When the plaintext processing unit 109 stores the plaintext PDU 304 including the feature value 303 in the memory 104, the unit instructs the encryption unit 111 to encrypt a payload for the plaintext PDU 304 corresponding to the transmission data 115 in FIG. 3. As a result, the body 301 of the plaintext is replaced with an encrypted body 305, and the feature value 303 of plaintext is replaced with the encrypted feature value 306. That is, the memory 104 stores ciphertext PDU 307 including the header 302, the encrypted body 305, and an encrypted feature value 306 as the transmission data 115.

Then, the transmitter 113 of the communication device 100B transmits the ciphertext PDU 307 to the communication device 100A. For example, the ciphertext data C101 in FIG. 1 is an example of the payload of the ciphertext PDU 307, and includes the encrypted body 305 and the encrypted feature value 306.

The ciphertext PDU 307 transmitted from the communication device 100B is received by the receiver 105 of the communication device 100A, and stored on the memory 104. Then, the decryption unit 106 decrypts the payload (that is, the encrypted body 305 and the encrypted feature value 306) of the ciphertext PDU 307 using the current key.

As a result, the memory 104 stores a decrypted PDU 310 including the header 302, a decrypted body 308, and a decrypted feature value 309. The judgment unit 107 reads the decrypted body 308 from the memory 104, and calculates a feature value 311 from the decoded body 308. The algorithm of the judgment unit 107 calculating the feature value 311 from the decrypted body 308 is the same as the algorithm of the plaintext processing unit 109 calculating the feature value 303 from the body 301.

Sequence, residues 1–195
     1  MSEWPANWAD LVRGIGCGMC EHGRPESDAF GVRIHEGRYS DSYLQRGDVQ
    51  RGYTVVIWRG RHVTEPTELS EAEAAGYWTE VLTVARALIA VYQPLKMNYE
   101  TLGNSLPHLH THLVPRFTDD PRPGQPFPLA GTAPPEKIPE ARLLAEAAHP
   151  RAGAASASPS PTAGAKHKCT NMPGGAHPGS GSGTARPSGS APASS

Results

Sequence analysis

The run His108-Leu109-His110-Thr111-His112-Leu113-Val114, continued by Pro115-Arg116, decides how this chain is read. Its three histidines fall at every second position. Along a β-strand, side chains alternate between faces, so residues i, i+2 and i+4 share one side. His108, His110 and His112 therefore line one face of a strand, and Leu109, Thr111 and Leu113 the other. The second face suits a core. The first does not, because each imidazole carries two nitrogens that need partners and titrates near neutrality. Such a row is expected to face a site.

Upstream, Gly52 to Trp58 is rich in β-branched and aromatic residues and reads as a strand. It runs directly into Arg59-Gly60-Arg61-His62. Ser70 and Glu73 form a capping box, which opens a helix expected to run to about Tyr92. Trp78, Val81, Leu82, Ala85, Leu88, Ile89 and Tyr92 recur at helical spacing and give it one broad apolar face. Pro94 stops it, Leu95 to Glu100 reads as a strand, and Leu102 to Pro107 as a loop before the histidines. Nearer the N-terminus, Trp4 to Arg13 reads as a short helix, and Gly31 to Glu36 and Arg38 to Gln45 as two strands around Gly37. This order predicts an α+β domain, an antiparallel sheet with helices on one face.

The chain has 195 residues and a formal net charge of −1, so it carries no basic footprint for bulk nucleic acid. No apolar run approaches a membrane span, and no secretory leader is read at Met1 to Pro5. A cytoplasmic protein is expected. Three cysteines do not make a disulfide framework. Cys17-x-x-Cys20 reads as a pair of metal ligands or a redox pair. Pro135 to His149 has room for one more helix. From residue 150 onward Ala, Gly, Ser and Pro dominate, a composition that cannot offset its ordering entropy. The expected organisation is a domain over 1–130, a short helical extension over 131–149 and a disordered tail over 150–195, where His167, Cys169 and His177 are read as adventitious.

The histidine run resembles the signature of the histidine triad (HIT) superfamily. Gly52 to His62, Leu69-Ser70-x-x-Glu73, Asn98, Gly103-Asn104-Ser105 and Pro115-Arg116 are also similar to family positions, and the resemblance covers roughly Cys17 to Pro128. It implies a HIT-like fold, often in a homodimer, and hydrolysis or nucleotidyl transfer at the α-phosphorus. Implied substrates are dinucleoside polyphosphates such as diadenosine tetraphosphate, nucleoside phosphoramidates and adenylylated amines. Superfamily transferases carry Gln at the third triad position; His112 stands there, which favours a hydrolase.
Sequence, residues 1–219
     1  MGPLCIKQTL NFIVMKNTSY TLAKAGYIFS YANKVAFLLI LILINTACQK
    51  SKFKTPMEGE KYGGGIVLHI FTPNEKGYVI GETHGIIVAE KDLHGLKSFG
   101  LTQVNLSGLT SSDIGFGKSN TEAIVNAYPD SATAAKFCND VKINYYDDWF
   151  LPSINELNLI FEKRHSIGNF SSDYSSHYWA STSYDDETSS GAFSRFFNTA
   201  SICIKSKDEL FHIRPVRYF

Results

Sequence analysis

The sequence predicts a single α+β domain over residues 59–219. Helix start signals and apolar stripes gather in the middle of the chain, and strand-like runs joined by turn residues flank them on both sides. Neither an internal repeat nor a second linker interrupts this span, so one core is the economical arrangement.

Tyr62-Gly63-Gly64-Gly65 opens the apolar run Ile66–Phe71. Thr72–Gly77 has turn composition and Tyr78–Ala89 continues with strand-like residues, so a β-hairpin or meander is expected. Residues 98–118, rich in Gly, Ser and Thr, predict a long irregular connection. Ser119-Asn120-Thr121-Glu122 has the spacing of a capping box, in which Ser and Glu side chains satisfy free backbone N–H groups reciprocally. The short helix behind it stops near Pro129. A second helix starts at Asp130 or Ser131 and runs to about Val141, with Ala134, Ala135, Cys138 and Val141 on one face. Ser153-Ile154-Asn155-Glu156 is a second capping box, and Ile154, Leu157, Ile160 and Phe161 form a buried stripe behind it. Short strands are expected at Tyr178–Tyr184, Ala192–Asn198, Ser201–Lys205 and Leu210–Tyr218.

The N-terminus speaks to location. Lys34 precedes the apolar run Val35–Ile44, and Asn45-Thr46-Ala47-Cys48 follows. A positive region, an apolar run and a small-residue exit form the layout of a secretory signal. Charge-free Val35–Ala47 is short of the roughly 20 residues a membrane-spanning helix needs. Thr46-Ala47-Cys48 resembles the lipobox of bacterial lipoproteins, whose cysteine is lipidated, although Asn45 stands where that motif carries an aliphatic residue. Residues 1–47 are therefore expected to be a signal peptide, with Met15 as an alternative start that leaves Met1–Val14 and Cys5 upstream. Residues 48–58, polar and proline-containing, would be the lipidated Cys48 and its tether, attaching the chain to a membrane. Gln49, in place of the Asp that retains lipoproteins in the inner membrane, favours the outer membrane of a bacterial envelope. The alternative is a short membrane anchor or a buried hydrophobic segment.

Then, the judgment unit 107 compares the calculated feature value 311 with the decrypted feature value 309. If the calculated feature value 311 matches the decrypted feature value 309, the judgment unit 107 judges that the payload of the decrypted PDU 310 is valid plaintext data.

On the other hand, if the calculated feature value 311 does not match the decrypted feature value 309, the judgment unit 107 judges that the payload of the decrypted PDU 310 is invalid. That is, the judgment unit 107 estimates that the old key not the current key has been used in encrypting the ciphertext PDU 307.

Then, the judgment unit 107 instructs the re-encryption unit 108 to encrypt the payload of the decrypted PDU 310. The re-encryption unit 108 encrypts the payload of the decrypted PDU 310 using the current key, and restores the ciphertext PDU 307 on the memory 104. Upon completion of the encrypting process, the re-encryption unit 108 notifies the directive unit 103 of the completion of the encryption.

Therefore, when the notification from the re-encryption unit 108 is received, the directive unit 103 switches the selected cryptographic key from the current key to the old key, and instructs the decryption unit 106 to decrypt the payload of the ciphertext PDU 307. After the decryption by the decryption unit 106, the judgment is made by the judgment unit 107 as described above, and if valid plaintext data has been acquired, the plaintext processing unit 109 processes valid plaintext data.

With reference to FIGS. 7 through 13, the operation of the above-mentioned communication device 100 is described below further in detail.